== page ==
click to enlarge 509 FABRICATION'S STOVE BURNS PRESSED LOGS MADE OF SAWDUST
509 Fabrication's stove burns pressed logs made of sawdust

A fabrication company in State Line is making a new stove that can burn more efficiently and meet strict Environmental Protection Agency (EPA) guidelines, and it just might be able to beat out international competitors in a wood stove design challenge in Washington D.C. this fall.

The Optimum stove, made by 509 Fabrication right on the Idaho border, was invented by a friend of the company's owners in Hayden, Idaho, several years ago.

"It’s more like a wood stove than a pellet stove, but it still burns biofuel," says Dusty Henderson, who owns 509 Fab with his father Gary. "Frank Reed built and designed the first model. He had it in his shop. He kind of did it on a dare that somebody told him you couldn’t burn one piece of wood at a time."

Instead of feeding chopped logs into the front of the stove, pressed logs made out of sawdust are placed in a tube on top, stacked end on end to feed themselves into the fire. Depending on the settings, Henderson says that the stove can burn on its own overnight without being stoked.

Part of what makes the stove so efficient is an improved design made after Henderson and his dad bought the right to patent it. In the original design, the feed tube was at about a 70-degree angle, Henderson says, but the new design is at 90 degrees, which makes more space for metal tubes that absorb the heat, which is then blown out to the room by a fan.

"Your logs are stacked on end, and as your bottom log burns, you’re burning about 4 inches at a time," Henderson says. "Your upper logs push it down, so it burns down."

The fuel burns so hot and efficiently that there isn't an ash pen to collect ashes, Henderson says.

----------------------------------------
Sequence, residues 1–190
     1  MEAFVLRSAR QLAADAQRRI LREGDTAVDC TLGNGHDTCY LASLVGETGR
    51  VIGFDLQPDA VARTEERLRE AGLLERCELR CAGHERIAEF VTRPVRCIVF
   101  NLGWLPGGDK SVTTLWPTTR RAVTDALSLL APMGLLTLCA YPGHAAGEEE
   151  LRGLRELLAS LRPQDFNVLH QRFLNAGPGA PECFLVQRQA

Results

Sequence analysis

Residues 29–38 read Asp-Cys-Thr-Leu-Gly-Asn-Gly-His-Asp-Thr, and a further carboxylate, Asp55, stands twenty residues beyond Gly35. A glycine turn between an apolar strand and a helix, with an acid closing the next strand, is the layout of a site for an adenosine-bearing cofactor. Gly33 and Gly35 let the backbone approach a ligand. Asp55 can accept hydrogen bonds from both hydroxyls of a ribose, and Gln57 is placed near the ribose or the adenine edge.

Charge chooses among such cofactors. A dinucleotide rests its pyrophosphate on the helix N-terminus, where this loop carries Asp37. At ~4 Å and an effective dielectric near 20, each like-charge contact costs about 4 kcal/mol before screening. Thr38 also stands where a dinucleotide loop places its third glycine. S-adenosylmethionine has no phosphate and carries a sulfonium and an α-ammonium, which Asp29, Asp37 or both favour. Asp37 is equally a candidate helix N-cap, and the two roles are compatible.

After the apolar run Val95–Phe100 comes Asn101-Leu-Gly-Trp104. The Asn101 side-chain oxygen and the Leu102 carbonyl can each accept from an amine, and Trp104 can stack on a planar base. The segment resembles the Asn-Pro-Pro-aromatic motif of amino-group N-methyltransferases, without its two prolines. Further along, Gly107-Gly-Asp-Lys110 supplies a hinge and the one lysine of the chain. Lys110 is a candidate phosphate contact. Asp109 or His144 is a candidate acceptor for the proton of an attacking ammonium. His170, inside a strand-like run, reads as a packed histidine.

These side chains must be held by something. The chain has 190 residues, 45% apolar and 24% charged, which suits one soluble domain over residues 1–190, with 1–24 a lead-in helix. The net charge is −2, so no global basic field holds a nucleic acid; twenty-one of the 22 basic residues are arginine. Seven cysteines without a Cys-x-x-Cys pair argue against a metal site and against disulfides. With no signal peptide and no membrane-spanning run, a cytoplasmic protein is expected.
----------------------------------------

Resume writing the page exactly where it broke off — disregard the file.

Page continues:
"The ash accumulates outside of the firebox and you only have to clean it every 14 days or so," if you're running the stove 24/7, he says.

By 2020, all new stoves have to meet new strict EPA guidelines on how many grams of particulate-matter pollution are created per hour of use. For pellet stoves, that requirement is no more than 2 grams per hour.

"Back in the '80s, wood stoves would put out 60 to 80 grams of emissions an hour," Henderson says. "We came in at 1.49 grams of emissions. The industry's come a long ways."

The 509 Fab stove will be one of a dozen to compete in the Alliance for Green Heat's fourth Wood Stove Design Challenge starting Nov. 9, which is designed to inspire innovation in home heating, where there hasn't been as much advancement as with other tools used in daily life. The teams will compete for up to $50,000.

"Wood stoves are still used by 30 – 60 percent of homes in hundreds of rural and suburban counties around the country," an Alliance for Green Heat announcement of the event states. "Yet, the technology revolution that has swept household appliances in the last 20 years has bypassed wood stove technology."